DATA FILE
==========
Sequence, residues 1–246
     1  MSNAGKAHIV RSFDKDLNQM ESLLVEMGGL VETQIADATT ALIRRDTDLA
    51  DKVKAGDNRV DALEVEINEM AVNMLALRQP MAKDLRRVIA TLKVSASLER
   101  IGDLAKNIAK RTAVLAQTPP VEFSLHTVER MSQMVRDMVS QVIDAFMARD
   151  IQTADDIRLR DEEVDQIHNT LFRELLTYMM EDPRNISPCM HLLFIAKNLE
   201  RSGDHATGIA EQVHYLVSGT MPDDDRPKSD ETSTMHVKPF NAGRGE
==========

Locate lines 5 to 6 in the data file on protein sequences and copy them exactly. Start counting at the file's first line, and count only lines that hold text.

   151  IQTADDIRLR DEEVDQIHNT LFRELLTYMM EDPRNISPCM HLLFIAKNLE
   201  RSGDHATGIA EQVHYLVSGT MPDDDRPKSD ETSTMHVKPF NAGRGE